A Navy enlisted man found with snapshots of his submarine’s classified propulsion system and argued his crime is less than Hillary Clinton’s email scandal picked up a year in prison.
Last July, Petty Officer First Class Kristian Saucier was charged with unauthorized retention of defense information and obstruction of justice after a cellphone with 12 images of control panels and a portion of the reactor compartment of a nuclear attack submarine were found on a phone identified as being his was found at a waste yard in Connecticut.
After investigation, federal agents were able to ascertain that Saucier took the photos between January and July 2009 while stationed as a Machinist Mate on the USS Alexandria and that at least six showed details of the submarine that would be classified as Confidential or Restricted.
Facing as much as 30 years in prison and fines of $500,000, Saucier plead guilty in May to a single count of unauthorized possession and retention of national defense information. In the lead up to his sentencing, his attorney argued the Sailor should be granted probation rather than thrown in jail, while the Chief of Naval Operations’ office asked he receive “on the high end” of the sentencing guidelines for Saucier’s conviction, 63 to 78 months.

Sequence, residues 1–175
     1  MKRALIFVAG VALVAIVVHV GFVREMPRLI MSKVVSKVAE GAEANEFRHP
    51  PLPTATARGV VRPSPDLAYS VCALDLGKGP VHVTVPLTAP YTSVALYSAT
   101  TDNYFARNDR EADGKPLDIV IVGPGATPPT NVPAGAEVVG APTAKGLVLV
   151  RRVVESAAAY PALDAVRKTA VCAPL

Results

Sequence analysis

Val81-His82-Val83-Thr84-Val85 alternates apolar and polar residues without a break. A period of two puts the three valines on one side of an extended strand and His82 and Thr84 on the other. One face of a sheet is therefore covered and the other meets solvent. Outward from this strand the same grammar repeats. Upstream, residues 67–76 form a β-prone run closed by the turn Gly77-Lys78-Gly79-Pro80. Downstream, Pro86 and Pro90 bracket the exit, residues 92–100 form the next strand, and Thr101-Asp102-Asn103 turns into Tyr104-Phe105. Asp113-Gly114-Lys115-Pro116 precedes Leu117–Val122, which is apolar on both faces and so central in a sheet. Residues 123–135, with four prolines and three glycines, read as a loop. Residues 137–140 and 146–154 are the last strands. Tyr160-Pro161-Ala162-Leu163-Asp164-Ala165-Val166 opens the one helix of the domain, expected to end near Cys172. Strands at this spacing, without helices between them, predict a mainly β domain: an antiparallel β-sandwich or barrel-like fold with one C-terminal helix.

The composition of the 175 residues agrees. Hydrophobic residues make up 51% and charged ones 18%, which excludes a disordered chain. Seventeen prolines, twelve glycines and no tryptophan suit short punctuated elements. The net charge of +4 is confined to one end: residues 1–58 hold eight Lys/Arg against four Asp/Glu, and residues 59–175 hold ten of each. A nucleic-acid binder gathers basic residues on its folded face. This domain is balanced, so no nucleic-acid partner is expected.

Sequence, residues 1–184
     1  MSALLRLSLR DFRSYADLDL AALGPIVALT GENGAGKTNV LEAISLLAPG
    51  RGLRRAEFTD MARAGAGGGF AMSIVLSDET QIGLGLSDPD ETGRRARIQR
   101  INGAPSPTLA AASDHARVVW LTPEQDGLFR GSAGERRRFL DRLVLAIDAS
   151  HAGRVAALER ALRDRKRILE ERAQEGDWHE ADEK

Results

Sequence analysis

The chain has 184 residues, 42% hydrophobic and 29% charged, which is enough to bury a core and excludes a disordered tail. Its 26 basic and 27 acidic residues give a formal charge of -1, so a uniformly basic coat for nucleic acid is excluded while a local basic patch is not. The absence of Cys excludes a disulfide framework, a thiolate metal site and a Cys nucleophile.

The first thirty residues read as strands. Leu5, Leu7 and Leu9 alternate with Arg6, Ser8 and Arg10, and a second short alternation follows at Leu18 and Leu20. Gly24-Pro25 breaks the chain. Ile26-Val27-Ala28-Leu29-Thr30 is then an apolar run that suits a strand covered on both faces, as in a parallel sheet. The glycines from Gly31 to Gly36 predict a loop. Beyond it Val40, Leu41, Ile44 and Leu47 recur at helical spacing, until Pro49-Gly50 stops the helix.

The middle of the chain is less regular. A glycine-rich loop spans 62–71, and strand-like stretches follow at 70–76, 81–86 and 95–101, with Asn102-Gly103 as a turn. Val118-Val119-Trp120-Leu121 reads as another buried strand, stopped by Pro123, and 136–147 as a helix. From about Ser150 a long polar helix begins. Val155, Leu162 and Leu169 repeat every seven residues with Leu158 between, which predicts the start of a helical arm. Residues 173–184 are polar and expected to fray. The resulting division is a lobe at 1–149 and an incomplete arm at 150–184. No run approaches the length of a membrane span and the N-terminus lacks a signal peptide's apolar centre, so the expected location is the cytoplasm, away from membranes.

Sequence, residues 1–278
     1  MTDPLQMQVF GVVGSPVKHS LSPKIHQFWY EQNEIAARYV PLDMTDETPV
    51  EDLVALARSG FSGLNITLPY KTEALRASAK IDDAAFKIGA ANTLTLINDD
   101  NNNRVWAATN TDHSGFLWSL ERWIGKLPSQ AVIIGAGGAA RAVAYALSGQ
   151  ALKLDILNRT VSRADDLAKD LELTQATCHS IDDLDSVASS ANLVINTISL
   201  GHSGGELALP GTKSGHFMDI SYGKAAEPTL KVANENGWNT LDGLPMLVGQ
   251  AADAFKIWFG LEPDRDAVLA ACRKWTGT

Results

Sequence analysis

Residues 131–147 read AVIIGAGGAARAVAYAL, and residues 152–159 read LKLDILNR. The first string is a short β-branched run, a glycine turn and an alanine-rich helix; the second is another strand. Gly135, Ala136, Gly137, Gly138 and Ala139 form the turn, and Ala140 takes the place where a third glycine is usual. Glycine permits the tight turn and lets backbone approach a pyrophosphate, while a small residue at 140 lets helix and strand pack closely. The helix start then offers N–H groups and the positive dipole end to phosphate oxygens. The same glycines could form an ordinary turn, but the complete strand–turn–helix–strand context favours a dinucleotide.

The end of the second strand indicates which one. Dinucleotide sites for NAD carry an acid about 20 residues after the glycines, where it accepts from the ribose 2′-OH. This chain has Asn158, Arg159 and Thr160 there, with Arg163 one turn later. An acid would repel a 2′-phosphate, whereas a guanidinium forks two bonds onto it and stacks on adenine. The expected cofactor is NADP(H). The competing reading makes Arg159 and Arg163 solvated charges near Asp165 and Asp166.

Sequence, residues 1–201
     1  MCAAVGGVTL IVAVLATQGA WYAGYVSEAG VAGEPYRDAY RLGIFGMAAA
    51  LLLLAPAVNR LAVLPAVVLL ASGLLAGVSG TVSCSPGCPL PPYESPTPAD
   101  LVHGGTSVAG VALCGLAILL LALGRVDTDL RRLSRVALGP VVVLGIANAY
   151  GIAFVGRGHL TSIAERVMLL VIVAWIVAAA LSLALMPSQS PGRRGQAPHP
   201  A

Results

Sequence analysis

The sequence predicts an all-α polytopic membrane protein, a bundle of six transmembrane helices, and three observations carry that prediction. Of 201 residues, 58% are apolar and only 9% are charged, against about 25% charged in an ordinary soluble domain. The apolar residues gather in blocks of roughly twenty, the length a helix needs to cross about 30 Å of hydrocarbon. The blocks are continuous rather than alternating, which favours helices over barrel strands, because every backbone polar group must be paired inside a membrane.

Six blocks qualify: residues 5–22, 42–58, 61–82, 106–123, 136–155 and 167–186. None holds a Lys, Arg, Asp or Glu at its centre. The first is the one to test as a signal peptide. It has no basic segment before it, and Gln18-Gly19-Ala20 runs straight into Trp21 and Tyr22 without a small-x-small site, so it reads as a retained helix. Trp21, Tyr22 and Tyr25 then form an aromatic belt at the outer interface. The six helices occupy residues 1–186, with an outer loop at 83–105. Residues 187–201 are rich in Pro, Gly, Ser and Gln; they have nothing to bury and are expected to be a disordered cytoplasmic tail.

In the end U.S. District Judge Stefan R. Underhill from his bench in Bridgeport gave Saucier jail time, 12 months of it, followed by three years of supervised release. While on supervised release, the Sailor, facing administrative separation from the Navy, must spend six months in home confinement with electronic monitoring, and perform 100 hours of community service.
As part of the quest for a lighter sentence, Saucier’s lawyer, Tully Rinckey, asked for leniency, holding Saucier never intentionally shared the photos with anyone, that they were not taken maliciously, that other Sailors on the same vessel who had done the same thing were not brought up on charges, and, finally, that Hillary Clinton’s email server contained many more classified documents, many to a much higher degree of classification, and she was not charged.
“In our case, Mr. Saucier possessed six photographs classified as ‘confidential/restricted,’ far less than Clinton’s 110 emails,” wrote Rinckey.